Through his cousin Nadya, whose apartment he shared, he found employment at the Sacco and Vanzetti factory, an establishment whose principal product was pencils. Whilst working at the factory, he devoted all of his spare time to writing. His first novel, Glyukauf (“Good Luck”) was published in 1934. Grossman became a protégé of Maxim Gorky (Aleksei Maksimovich Peshkov) the leading light of Russian literature, and under his patronage produced several short stories, including “In the Town of Berdichev”, the work that first brought him to prominence. Determined not to become a Stalinist hack, politically naïve, and an unusually (for the place and time) honest author, Grossman was lucky to escape the Great Terror of the 1930s. Nadya was not so fortunate. She was arrested in March 1933 for alleged Trotskyism and exiled to Astrakhan for three years, thereafter being sent to the labour camp at Vorkuta – Pechersk in the far east of Russia for a further three years.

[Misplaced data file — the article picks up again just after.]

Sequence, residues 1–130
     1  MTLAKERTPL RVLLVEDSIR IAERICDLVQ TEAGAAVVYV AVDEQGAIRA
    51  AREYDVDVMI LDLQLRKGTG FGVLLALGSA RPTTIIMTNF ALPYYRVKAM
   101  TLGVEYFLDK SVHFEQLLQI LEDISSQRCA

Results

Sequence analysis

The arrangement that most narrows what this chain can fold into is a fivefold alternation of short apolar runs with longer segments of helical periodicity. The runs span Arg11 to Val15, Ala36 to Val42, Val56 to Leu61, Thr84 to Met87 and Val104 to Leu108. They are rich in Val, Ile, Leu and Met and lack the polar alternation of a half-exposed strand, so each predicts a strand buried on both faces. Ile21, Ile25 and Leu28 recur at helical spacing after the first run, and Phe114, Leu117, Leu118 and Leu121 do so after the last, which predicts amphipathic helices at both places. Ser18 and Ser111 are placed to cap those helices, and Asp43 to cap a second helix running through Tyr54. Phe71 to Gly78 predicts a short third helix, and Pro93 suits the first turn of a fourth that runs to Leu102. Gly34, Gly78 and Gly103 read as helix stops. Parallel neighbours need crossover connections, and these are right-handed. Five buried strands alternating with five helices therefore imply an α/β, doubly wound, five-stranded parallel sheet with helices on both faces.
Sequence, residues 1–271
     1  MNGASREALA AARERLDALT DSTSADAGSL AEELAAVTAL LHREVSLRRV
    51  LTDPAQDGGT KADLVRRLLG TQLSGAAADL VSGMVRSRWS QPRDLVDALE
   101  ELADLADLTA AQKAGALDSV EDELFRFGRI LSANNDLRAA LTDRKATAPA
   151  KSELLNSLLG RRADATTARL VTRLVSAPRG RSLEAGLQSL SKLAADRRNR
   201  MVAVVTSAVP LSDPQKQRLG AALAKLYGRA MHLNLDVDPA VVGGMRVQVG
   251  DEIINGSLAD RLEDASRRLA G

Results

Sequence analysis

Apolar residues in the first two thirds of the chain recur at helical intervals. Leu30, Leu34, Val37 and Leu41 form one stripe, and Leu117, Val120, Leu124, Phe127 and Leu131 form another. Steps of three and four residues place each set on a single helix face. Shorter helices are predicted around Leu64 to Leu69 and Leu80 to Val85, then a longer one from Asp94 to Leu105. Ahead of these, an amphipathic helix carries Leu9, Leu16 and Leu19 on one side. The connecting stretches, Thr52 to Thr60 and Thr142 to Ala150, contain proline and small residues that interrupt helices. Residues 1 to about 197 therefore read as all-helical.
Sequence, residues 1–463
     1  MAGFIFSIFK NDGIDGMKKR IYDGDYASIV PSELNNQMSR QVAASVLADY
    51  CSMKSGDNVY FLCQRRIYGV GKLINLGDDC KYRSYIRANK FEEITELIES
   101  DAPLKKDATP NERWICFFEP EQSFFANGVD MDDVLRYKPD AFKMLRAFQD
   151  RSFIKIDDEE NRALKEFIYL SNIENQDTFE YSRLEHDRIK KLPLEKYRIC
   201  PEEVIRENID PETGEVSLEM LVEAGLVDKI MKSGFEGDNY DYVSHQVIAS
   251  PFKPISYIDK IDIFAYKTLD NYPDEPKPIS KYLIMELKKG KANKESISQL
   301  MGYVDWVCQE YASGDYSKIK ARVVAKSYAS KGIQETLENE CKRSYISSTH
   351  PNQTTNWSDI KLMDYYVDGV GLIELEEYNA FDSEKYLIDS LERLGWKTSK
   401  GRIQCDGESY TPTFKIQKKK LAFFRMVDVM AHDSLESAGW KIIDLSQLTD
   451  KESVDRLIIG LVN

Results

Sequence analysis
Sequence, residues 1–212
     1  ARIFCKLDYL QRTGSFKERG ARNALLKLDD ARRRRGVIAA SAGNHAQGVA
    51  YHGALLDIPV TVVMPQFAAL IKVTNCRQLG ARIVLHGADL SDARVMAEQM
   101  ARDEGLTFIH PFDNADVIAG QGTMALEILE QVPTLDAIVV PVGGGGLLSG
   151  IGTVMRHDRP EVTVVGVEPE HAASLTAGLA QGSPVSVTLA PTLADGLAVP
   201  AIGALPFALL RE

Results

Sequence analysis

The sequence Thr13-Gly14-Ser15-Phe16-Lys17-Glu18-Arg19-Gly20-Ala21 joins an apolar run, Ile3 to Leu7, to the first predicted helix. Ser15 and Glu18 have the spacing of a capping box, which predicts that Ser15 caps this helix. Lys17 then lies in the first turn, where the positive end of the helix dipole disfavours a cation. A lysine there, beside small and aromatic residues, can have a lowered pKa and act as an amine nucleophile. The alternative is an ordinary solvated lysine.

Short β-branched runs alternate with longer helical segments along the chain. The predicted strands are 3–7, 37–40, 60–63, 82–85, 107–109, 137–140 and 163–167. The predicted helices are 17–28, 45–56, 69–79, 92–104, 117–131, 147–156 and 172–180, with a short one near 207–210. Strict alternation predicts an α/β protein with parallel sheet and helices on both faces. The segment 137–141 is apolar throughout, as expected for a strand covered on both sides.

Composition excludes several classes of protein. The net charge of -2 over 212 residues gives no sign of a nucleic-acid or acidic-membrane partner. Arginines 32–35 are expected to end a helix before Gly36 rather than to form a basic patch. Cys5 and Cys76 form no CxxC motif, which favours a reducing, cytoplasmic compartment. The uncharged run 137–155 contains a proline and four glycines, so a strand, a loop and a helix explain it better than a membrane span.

Grossman steadily progressed up the ladder of the Russian literary world, finally becoming a fully-fledged member of the Union of Soviet Writers in 1937, an honour that brought with it many privileges. In 1935 he began a relationship with Olga Mikhailovna Guber, and the couple were married in May 1936. Simply because she had previously been the wife of Boris Guber (a writer who had been arrested and shot in 1937), Olga was herself arrested in 1938. The chain of guilt by association led naturally to Grossman, who was summoned to the KGB's Moscow headquarters at Lubyanka for interrogation in February 1938. The couple were extremely lucky; Grossman was never arrested, and Olga was released in late summer 1938.